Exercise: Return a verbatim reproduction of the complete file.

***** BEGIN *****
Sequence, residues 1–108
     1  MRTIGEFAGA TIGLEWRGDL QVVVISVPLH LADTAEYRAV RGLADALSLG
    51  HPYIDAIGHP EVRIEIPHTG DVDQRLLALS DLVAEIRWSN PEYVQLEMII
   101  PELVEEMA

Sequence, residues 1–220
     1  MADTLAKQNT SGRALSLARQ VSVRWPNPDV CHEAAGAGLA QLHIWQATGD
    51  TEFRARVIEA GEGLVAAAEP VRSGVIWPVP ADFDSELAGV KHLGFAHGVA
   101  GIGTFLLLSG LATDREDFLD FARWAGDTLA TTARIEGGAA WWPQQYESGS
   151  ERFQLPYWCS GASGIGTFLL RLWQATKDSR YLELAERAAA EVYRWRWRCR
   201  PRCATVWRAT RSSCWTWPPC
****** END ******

Sequence, residues 1–108
     1  MRTIGEFAGA TIGLEWRGDL QVVVISVPLH LADTAEYRAV RGLADALSLG
    51  HPYIDAIGHP EVRIEIPHTG DVDQRLLALS DLVAEIRWSN PEYVQLEMII
   101  PELVEEMA

Sequence, residues 1–220
     1  MADTLAKQNT SGRALSLARQ VSVRWPNPDV CHEAAGAGLA QLHIWQATGD
    51  TEFRARVIEA GEGLVAAAEP VRSGVIWPVP ADFDSELAGV KHLGFAHGVA
   101  GIGTFLLLSG LATDREDFLD FARWAGDTLA TTARIEGGAA WWPQQYESGS
   151  ERFQLPYWCS GASGIGTFLL RLWQATKDSR YLELAERAAA EVYRWRWRCR
   201  PRCATVWRAT RSSCWTWPPC